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Twenty-eight Yellowstone bison were transferred to the Fort Peck Indian Reservation on Thursday as part of a program to divert more disease-free bison away from slaughter.

Thursday’s shipment of Yellowstone bison to the Assiniboine and Sioux Tribes of Fort Peck was the sixth transfer of its kind since the Bison Conservation Transfer Program launched in 2019.

Chamois Andersen, senior Rockies and Plains representative at Defenders of Wildlife, said the transfer program has turned into a meaningful partnership operation between Yellowstone National Park, tribes, the state of Montana and others since it launched.

Bison aren’t tolerated much in Montana due to the threat that the disease brucellosis poses to the livestock industry. Animals spread it when they come into contact with the birth tissues and fluids of infected animals, and it can cause cattle to abort or produce weak young.

Up to 60% of bison in Yellowstone National Park have been exposed to brucellosis, but there have been no recorded brucellosis transmissions from bison to livestock in the wild.

Wild elk have transmitted the disease to livestock.

Bison reproduce and survive at relatively high rates, so managers cull a certain number of the animals every year to keep populations steady within the park. This winter, federal, state and tribal officials agreed to cull between 600 and 900 Yellowstone bison.

Some bison are shot by tribal and state hunters as they leave Yellowstone during a winter migration. Others are rounded up while they leave the park and get sent to slaughter. Captured animals that initially test negative for brucellosis can be enrolled in the transfer program.

Bison in the quarantine program at facilities in and near the park and get tested for brucellosis repeatedly. Animals that continue to test negative get shipped to the Fort Peck Reservation, where they must go through a final round of assurance testing.

Once they are cleared, the Yellowstone bison can then be shipped to tribal lands around the country to support cultural herds.

Over the last two years, 182 Yellowstone bison have made it to the Fort Peck Reservation through the transfer program. Of those animals, 82 have since been distributed to 18 tribal nations in 10 different states, the park wrote.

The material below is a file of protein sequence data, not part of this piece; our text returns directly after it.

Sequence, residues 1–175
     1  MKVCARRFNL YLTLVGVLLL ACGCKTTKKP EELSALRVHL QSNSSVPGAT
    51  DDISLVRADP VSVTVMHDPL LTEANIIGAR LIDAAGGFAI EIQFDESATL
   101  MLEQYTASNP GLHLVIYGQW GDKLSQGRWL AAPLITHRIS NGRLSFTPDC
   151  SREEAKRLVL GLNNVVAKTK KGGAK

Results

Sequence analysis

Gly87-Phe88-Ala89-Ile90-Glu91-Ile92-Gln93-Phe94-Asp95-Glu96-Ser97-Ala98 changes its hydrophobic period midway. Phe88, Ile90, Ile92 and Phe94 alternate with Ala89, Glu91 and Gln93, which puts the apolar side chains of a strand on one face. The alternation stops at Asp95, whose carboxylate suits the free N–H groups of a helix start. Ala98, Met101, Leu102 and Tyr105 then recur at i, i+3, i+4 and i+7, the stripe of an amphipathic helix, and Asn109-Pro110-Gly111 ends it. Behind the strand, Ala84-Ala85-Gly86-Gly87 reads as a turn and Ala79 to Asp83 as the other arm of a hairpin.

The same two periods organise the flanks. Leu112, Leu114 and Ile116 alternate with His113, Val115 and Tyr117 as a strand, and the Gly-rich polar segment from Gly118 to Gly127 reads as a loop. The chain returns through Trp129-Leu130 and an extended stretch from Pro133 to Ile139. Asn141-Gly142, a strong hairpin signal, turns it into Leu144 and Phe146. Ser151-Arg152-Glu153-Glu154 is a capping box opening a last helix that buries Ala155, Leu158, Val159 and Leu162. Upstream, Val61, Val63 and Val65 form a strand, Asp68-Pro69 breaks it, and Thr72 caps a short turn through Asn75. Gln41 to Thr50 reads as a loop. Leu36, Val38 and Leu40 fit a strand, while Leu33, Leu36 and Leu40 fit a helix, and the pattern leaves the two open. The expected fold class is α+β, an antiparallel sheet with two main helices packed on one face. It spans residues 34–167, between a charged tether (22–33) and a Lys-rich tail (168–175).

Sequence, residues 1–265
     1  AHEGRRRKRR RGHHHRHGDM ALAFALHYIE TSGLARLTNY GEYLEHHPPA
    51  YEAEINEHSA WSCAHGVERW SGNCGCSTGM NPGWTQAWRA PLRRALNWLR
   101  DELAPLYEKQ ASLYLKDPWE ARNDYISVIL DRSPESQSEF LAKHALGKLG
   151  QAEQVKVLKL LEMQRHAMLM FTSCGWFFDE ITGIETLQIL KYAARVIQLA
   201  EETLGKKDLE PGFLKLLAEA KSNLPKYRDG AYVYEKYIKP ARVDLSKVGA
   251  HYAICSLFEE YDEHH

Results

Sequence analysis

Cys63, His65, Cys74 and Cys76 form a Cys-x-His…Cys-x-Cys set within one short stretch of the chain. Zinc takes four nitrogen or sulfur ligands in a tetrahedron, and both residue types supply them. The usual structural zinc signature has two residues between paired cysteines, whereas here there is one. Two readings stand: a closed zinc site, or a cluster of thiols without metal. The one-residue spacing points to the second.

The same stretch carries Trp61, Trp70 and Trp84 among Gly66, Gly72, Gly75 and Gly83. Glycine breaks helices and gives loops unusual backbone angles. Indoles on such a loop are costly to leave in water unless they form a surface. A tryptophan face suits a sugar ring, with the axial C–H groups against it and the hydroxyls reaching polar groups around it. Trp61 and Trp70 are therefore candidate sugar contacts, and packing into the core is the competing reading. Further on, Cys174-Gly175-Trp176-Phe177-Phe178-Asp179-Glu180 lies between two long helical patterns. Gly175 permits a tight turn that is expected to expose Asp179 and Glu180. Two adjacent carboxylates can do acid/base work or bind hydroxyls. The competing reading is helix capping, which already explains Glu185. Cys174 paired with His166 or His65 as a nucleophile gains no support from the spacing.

Bison transferred on Thursday were initially captured in March 2020 at Stephens Creek. Twenty males completed quarantine in the park and a small family group of eight bison— one male, four females and three calves— completed quarantine at Corwin Springs, according to park staff.

Yellowstone National Park Superintendent Cam Sholly said at a virtual event on Thursday that the park is investing a record amount of money into bison conservation.

The Greater Yellowstone Coalition and Yellowstone Forever— the park’s nonprofit arm— both pitched in $250,000 to expand capacity in the park’s quarantine facilities last August, matching the park’s $500,000 contribution to the effort.

Sixty-seven bison are still enrolled in the transfer program, and Yellowstone National Park and USDA-APHIS are planning to enroll another 80 to 120 animals into the program this winter, park staff wrote.

Last December, 56 disease-free Yellowstone bison were sent to the Yakama Nation’s lands in Washington and the Modoc Nation’s lands in Oklahoma. It was the first time that two large, intact families of bison were transferred to tribal land through the program.

North America was once home to an estimated 30 million bison, but mass slaughter in the late 1800s brought populations down to about 1,000 by the turn of the 20th century. Most of the continent’s remaining bison were held in captivity on private land, but there was still a small herd left in Yellowstone National Park.

The approximately 5,400 Yellowstone bison that live today are the direct descendants of the last herd of wild bison in the West. Unlike other populations, they are free of cattle genes.

Andersen said bringing those genes into cultural herds will add to a meta-population of animals with high genetics, which will contribute to the overall restoration of the species.

“The (Bison Conservation Transfer Program) has made incredible strides in the cultural and ecological restoration of bison across the country,” she said in a news release. “We are grateful to be a part of this partnership between Yellowstone National Park and the Assiniboine and Sioux Tribes of Fort Peck working to bring back bison to tribal lands.”

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Helena Dore can be reached at hdore@dailychronicle.com or at 582-2628.

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